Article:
Aviation cess to be implemented from New Year

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New Delhi: An aviation cess of about two percent on all flights will be implemented from January 1, next year, which will be used for promoting regional connectivity, a senior civil aviation ministry official said on Friday.

The cess is proposed under the new draft civil aviation policy which was released on October 30. The policy has been put in public domain to garner feedback and suggestions from all stakeholders before finalisation.

The information about the implementation date of the new cess was disclosed by the Civil Aviation Secretary Rajeev Nayan Choubey during a press briefing on the draft civil aviation policy here.

“The policy will be presented to the cabinet for final approval. We are seeking stakeholders suggestions and feedback till November 21, couple of weeks after that a final draft will be prepared and presented to the cabinet,” the secretary said.

“The cess is expected to be imposed from January 1, 2016. The capital accumulated from the cess will go to a special fund which will be used to promote regional connectivity.”

The new draft civil aviation policy calls for levy of two percent cess on all domestic and international tickets on all routes other than (instrument landing system) Cat IIA and RCS (regional connectivity scheme).

According to the secretary, the funds from the cess will be used primary to promote regional air connectivity and viability gap funding for the operators.

“The policy aims at creating an ecosystem for the growth of aviation. In this we have to take care for the airlines, airport developers and passengers. The funds from the cess will go into funding the RCS scheme,” Choubey said.

“The scheme is expected to come into implementation from April 1, 2016 after cabinet gives its approval, therefore funds should be in place, as and when that happens.”

The policy envisages low tariff of no more than Rs.2,500 per ticket for each flying-hour with a host of incentives and other benefits to both airport developers and operators.

On the controversial the issue of replacing or modifying the overseas flying eligibility rules for airlines, the secretary said the government has given a set of options to the stakeholders to choose from.

“We wanted to get formal suggestions and feedback from all the stakeholders before finalisation of the policy. We have given some options regarding the rule. The stakeholders can also give more suggestions and ways to deal with the rule,” the secretary said.

The draft policy has proposed three ways forward on allowing domestic airline operators to fly abroad: One, to continue with the existing norm of five-year operation with a 20-aircraft fleet. Two, to abolish this altogether. Three, airlines be allowed to fly to SAARC nations if they have earned 300 domestic flying credits and for other countries, 600 domestic flying credits.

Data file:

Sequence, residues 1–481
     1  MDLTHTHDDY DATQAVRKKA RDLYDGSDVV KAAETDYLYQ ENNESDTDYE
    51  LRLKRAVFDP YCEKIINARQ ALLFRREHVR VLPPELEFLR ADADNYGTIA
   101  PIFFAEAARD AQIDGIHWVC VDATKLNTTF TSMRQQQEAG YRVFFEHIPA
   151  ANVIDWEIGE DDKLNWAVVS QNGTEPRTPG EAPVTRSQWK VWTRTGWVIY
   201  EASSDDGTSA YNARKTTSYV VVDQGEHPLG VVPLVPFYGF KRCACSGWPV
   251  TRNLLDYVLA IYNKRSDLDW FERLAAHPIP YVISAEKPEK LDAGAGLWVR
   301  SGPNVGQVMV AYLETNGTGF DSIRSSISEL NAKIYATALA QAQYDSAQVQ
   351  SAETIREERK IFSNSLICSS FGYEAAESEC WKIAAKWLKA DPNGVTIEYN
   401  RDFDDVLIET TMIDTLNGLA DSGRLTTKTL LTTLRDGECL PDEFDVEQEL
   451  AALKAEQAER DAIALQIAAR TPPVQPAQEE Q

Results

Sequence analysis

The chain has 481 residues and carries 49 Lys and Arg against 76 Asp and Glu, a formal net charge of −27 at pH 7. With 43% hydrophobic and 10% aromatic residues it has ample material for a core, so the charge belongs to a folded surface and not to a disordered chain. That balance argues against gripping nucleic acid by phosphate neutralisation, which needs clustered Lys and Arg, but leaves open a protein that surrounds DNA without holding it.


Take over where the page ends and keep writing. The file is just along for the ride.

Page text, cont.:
A final decision on the 5/20 rule will be taken by the cabinet, the secretary said.

Currently, the norms prescribe that only those carriers that have been in operation for five years and have a fleet of 20 aircraft can fly abroad.

Among the seven main scheduled airlines in the country, only four meet the requirements — Air India, Jet Airways, SpiceJet and IndiGo. Three others are ineligible including GoAir, Vistara and AirAsia India.

Several aviation research institutions such as the Centre for Asia pacific Aviation have described the 5/20 rule as being damaging, discriminatory and anti-competition, besides preventing carriers from optimal fleet utilisation and expansion.

However, any relaxation of the compliance rule is being stiffly resisted by older airlines which cite huge losses on account of meeting the stringent norms.

The secretary elaborated that the policy will be hugely benificial to the sector and the public at large.

“The policy intend to make flying possible for the masses in a most efficient and economically viable way possible. It will also take care of the airline and airport operators,” the secretary said.

“Our aim is to create an ecosystem that will enable 30 crore domestic tickets per annum by 2022 and 50 core by 2027. Similarly, increase the international ticketing to 20 crore by 2017.”

Indian carriers ferried 67.38 million domestic passengers in 2014, to register a growth of 9.7 percent over the 61.43 million in the previous year. In the first nine months of this year, 59.02 million passengers were ferried to log a growth of 20.1 percent.

According to the official Make in India campaign, the domestic Indian civil aviation market — which has around 14 scheduled operators — is the ninth largest in the world and is projected to occupy the third spot by 2020.

Stakeholders and the public have been given three weeks time to send their comments on the draft policy. After these are considered, the ministry intends to notify the policy in about two months time, Choubey added.

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